KEY POINTS

  • A team of researchers from Taiwan and Australia found evidence of new coronavirus mutation
  • It could potentially affect current vaccine developments
  • Other experts, however, have yet to peer-review the findings

As scientists are racing to develop a vaccine for COVID-19, a new study has confirmed a significant novel coronavirus mutation that may render current vaccine developments "futile." 

The research team from the National Changhua University of Education in Taiwan and Murdoch University in Australia said that the new coronavirus mutation showed changes in the spike protein that enables the virus to bind to the enzymes found in the lungs. 

Scientists have been studying this receptor and looking into the right antibodies to counter its effects. However, the unexpected structural change "raises the alarm that the ongoing vaccine development may become futile in future epidemic if more mutations were identified," the experts wrote in their paper published on biorxiv.org.

vaccine-4946480_960_720 Scientists across the world are racing to find the right vaccine that will work against the novel coronavirus or COVID-19. Photo: Pixabay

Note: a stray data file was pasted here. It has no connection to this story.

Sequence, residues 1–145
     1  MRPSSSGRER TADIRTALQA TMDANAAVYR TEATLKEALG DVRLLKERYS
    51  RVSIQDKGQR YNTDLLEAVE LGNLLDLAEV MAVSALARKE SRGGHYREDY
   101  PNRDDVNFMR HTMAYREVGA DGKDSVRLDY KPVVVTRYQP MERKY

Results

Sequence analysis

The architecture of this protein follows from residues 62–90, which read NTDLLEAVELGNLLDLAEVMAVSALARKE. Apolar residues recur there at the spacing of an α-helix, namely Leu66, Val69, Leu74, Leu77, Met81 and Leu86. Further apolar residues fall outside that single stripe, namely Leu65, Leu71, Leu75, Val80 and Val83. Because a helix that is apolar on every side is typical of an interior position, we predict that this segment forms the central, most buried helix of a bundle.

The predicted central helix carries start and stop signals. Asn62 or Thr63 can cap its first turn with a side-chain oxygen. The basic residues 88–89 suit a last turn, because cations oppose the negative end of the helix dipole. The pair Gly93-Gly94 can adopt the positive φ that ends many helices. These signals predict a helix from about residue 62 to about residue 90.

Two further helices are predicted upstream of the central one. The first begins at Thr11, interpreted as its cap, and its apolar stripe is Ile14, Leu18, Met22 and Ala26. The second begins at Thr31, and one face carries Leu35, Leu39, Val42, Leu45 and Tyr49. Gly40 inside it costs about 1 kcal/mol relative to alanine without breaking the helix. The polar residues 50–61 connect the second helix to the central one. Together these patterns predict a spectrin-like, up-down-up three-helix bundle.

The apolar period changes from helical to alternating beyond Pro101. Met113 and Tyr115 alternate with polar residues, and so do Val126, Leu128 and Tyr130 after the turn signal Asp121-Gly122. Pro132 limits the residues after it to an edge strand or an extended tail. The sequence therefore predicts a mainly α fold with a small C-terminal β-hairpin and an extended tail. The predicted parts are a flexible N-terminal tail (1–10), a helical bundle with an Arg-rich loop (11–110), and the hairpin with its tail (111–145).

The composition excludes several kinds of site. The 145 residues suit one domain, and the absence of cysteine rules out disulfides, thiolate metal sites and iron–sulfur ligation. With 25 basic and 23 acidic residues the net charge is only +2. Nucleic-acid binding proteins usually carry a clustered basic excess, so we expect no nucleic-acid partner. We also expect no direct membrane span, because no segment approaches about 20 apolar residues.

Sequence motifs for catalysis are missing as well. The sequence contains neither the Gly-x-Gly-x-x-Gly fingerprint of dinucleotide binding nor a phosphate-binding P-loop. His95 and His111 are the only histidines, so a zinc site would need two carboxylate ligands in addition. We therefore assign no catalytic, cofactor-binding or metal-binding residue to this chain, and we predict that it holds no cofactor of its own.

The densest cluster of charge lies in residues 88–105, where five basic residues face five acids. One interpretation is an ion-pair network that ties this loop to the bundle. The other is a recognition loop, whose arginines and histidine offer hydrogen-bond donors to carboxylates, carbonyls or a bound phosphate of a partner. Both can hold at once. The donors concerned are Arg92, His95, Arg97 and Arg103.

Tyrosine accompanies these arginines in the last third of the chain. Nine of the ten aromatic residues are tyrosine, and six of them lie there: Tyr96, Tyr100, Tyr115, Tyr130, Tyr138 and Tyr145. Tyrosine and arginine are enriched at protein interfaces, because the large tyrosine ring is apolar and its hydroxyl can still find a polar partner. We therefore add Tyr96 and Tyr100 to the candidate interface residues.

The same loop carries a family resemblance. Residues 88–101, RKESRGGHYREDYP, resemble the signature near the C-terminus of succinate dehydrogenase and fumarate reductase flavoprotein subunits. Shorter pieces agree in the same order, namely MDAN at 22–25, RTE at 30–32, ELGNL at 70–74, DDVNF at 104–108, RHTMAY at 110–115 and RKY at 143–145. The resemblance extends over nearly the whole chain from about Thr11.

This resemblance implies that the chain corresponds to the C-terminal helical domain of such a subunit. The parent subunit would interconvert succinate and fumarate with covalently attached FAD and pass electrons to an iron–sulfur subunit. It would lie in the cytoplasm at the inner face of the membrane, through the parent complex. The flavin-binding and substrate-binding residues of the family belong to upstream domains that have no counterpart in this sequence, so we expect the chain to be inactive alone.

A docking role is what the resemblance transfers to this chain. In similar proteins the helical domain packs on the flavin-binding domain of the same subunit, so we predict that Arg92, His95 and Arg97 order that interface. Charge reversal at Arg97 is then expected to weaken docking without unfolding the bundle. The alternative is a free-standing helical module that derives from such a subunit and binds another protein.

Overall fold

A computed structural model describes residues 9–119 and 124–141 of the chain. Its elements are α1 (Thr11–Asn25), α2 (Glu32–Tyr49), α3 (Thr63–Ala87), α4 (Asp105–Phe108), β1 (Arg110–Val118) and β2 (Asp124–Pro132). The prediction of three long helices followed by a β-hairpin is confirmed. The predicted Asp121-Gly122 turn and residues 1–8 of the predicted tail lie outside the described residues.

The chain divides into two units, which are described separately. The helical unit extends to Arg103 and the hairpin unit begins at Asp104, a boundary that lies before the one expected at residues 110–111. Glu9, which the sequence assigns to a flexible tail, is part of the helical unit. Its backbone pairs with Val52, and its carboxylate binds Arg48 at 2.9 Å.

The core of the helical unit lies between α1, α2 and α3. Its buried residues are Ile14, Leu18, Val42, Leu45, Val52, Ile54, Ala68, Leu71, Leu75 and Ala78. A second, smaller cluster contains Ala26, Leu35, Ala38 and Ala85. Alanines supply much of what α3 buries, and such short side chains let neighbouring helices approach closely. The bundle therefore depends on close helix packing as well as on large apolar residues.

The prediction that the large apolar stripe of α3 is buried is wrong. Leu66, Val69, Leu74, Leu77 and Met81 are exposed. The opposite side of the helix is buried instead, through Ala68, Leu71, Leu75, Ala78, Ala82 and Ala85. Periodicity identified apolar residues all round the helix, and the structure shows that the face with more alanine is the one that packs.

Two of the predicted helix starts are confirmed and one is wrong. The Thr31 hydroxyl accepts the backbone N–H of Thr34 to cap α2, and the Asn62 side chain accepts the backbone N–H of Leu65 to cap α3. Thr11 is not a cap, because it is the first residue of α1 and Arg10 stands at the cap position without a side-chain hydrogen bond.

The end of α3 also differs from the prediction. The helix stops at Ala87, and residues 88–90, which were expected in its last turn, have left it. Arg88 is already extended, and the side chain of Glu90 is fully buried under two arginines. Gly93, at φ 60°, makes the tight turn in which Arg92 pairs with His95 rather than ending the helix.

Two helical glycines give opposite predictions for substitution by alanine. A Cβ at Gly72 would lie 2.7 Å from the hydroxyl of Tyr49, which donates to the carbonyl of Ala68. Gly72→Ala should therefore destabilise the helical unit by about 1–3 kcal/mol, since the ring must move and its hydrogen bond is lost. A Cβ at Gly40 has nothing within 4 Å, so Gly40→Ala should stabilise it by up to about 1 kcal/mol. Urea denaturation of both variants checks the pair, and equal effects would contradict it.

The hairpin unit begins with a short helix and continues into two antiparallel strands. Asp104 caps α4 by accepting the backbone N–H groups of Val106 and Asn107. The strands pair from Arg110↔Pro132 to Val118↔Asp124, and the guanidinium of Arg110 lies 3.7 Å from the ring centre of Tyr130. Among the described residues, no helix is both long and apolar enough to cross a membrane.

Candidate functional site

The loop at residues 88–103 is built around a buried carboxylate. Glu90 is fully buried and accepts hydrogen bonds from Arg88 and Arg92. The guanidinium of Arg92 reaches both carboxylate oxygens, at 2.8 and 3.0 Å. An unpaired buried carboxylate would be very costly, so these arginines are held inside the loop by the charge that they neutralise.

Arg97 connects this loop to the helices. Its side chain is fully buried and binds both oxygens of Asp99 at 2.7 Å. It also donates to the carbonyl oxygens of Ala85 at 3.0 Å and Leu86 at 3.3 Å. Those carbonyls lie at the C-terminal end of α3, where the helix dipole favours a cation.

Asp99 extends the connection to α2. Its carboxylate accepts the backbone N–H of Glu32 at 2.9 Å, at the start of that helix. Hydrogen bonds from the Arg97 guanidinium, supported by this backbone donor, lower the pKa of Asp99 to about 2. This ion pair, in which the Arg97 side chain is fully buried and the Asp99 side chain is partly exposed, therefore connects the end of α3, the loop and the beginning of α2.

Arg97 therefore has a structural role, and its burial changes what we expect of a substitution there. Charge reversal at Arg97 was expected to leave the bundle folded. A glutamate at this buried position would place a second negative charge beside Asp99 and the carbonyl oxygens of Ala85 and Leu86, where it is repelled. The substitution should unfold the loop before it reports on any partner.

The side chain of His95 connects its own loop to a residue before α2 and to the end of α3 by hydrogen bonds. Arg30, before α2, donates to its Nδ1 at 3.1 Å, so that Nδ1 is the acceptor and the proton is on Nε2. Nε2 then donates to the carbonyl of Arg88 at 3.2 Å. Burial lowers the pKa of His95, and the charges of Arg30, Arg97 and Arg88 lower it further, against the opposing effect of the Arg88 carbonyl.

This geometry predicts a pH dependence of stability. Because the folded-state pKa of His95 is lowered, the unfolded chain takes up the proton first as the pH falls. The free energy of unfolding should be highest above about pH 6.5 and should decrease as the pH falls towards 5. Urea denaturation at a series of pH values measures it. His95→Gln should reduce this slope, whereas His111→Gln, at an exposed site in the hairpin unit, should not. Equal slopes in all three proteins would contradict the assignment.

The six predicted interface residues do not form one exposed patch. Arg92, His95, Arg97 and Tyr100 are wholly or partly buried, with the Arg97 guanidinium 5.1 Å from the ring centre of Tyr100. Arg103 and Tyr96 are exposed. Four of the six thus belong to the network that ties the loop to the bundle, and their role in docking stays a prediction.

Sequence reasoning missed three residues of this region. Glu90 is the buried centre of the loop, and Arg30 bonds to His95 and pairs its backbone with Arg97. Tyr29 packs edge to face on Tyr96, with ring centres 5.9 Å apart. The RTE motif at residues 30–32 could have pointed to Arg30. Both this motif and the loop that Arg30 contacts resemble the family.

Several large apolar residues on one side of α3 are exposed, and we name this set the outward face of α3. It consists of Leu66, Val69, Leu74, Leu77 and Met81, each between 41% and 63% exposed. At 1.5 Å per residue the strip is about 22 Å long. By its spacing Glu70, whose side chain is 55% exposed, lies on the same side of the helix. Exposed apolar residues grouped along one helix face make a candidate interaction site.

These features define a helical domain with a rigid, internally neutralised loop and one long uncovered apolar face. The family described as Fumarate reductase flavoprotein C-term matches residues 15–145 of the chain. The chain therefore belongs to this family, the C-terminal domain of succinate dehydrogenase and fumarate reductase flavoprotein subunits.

Experts discovered the new coronavirus mutation from a patient in India who was sampled in early January. The patient is a medical student who had been to Wuhan, but the strain was not similar to any of the variants from China. 

The research team released this sample's full genome sequence in March. The experts, however, also confirmed that the new coronavirus mutation rate was slow. 

"We confirmed that SARS-CoV-2 has a relatively low mutation rate but also proved that novel mutation with varied virulence and immune characteristics have already emerged,” the researchers said.  

The study has yet to be peer-reviewed; thus, the team's findings might still be negated by other experts. 

Benjamin Neuman of the Texas A&M University Biological Sciences, who is not part of the study, said that mutations in the virus might require vaccines to be tested and updated periodically, similar to influenza virus vaccines.

"The influenza virus mutates constantly, and at about the same rate as coronavirus, but we are able to successfully vaccinate against this moving target," Neuman said. 

Immunology lecturer Jenna Macciochi, who works for the University of Sussex, also said that current vaccine developments are not necessarily affected by the discovered mutation.  

"Small mutations would be expected with any virus," Macciochi said. "The emerged mutation in this report appears to reduce binding to ACE2 meaning less virulence which could potentially mean less ability to infect."